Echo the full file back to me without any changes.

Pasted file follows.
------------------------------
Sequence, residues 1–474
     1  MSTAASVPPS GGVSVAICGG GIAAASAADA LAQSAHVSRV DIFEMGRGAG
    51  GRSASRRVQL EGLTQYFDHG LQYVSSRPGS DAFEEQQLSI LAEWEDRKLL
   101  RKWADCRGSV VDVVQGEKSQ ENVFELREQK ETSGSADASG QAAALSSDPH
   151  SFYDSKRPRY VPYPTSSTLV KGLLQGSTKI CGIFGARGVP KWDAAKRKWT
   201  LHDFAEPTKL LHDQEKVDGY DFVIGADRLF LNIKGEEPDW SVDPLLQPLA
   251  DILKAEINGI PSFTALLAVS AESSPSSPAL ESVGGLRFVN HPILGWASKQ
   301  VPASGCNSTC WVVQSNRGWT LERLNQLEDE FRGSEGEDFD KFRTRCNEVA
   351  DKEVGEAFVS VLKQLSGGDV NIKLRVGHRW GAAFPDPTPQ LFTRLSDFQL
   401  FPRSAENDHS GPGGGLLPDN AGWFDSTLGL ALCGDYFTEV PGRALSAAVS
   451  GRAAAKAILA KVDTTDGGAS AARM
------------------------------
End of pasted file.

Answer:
Sequence, residues 1–474
     1  MSTAASVPPS GGVSVAICGG GIAAASAADA LAQSAHVSRV DIFEMGRGAG
    51  GRSASRRVQL EGLTQYFDHG LQYVSSRPGS DAFEEQQLSI LAEWEDRKLL
   101  RKWADCRGSV VDVVQGEKSQ ENVFELREQK ETSGSADASG QAAALSSDPH
   151  SFYDSKRPRY VPYPTSSTLV KGLLQGSTKI CGIFGARGVP KWDAAKRKWT
   201  LHDFAEPTKL LHDQEKVDGY DFVIGADRLF LNIKGEEPDW SVDPLLQPLA
   251  DILKAEINGI PSFTALLAVS AESSPSSPAL ESVGGLRFVN HPILGWASKQ
   301  VPASGCNSTC WVVQSNRGWT LERLNQLEDE FRGSEGEDFD KFRTRCNEVA
   351  DKEVGEAFVS VLKQLSGGDV NIKLRVGHRW GAAFPDPTPQ LFTRLSDFQL
   401  FPRSAENDHS GPGGGLLPDN AGWFDSTLGL ALCGDYFTEV PGRALSAAVS
   451  GRAAAKAILA KVDTTDGGAS AARM